Businesses using absence management software could notice an improvement in attendance if they encourage staff to cycle to work, new figures suggest.

Sustrans, the sustainable transport charity, released statistics showing that wider adoption of this method of getting to work could halve the number of employee sick days, boosting business productivity by £13.7 billion in the process.

This figure is based on the estimate that absenteeism costs employers £258 per day and that the average worker takes 4.5 days off a year, compared to 2.4 days for people who cycle.

Ahead of the launch of the Support Cycling to Work campaign, Sustrans surveyed 1,306 individuals across the National Cycle Network and found that over two-thirds (68 per cent) had not taken a single sick day in the past year.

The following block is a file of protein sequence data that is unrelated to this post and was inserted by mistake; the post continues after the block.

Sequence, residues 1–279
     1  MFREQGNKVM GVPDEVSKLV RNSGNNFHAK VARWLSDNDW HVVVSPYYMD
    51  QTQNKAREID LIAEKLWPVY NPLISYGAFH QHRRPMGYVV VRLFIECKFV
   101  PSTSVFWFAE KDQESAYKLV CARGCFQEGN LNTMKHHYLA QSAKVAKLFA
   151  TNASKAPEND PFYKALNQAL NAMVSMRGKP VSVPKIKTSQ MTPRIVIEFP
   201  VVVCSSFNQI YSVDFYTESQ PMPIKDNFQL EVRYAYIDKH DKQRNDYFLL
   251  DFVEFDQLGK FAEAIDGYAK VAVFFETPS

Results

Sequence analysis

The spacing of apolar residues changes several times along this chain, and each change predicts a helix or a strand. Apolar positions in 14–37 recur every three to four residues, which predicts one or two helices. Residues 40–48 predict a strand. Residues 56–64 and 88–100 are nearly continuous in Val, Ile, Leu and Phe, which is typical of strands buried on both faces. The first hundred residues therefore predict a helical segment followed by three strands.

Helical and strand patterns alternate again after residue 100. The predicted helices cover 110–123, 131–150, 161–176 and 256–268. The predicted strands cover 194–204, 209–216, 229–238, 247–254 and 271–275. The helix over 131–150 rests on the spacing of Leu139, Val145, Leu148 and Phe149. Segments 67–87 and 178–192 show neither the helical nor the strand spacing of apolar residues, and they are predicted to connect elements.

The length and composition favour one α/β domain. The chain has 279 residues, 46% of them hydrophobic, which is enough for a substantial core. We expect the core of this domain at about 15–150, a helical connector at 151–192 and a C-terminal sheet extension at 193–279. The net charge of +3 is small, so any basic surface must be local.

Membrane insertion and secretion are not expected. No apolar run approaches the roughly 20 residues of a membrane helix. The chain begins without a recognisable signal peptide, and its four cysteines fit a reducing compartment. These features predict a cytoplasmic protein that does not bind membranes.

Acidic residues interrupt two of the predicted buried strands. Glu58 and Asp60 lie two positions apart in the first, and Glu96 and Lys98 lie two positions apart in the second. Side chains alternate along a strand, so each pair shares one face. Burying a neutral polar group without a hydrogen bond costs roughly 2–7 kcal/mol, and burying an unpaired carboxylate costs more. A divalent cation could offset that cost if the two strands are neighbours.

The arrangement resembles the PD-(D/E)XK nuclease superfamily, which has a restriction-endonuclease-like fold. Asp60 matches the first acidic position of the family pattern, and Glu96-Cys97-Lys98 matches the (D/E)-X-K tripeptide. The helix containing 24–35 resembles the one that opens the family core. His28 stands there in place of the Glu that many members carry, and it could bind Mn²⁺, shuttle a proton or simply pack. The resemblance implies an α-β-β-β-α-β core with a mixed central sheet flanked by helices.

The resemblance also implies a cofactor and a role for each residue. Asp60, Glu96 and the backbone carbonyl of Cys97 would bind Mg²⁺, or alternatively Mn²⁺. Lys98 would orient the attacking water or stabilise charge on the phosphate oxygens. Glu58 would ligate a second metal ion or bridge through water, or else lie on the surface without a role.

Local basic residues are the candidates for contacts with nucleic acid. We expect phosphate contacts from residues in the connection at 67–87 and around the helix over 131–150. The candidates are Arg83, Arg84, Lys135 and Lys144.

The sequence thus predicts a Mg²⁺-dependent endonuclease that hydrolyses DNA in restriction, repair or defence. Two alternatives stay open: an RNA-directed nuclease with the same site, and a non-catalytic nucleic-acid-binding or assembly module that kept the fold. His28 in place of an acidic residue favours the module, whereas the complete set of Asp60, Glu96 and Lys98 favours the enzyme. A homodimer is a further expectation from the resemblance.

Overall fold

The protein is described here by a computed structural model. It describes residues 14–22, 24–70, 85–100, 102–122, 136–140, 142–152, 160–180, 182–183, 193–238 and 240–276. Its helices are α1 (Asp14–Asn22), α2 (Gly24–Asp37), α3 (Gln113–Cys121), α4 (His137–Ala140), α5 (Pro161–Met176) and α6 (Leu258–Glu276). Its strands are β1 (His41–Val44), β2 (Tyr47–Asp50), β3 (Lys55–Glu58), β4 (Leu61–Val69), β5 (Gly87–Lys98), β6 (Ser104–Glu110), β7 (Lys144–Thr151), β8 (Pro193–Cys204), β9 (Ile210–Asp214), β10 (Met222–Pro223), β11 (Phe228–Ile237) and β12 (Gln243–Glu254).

The charity said the government could promote cycling to work by setting minimum standards of support and facilities for workplaces to help people commuting by bike.

Provisions could include showers, bike parking spots and assistance in finding a safe route to work.

Sustrans chief executive Malcolm Shepherd said too many employers are missing out on the benefits of staff cycling to work because they do not provide adequate support.

Separate research conducted by YouGov found that more than a fifth (22 per cent) of employees who commute, but not by bike, choose not to cycle because their workplace does not have the facilities they need.

Mr Shepherd said: "Cycle parking and showers in an office should be as common as a printer and a coffee machine and by introducing a 'cycle-to-work standard' governments would be taking the first steps to making this a reality.

"Making it safer, easier and more enjoyable for people to get to work by bike would unlock huge economic gains and health benefits for the UK."

Sustrans recently called for full implementation of the recommendations included in the all-party parliamentary group report Get Britain Cycling.

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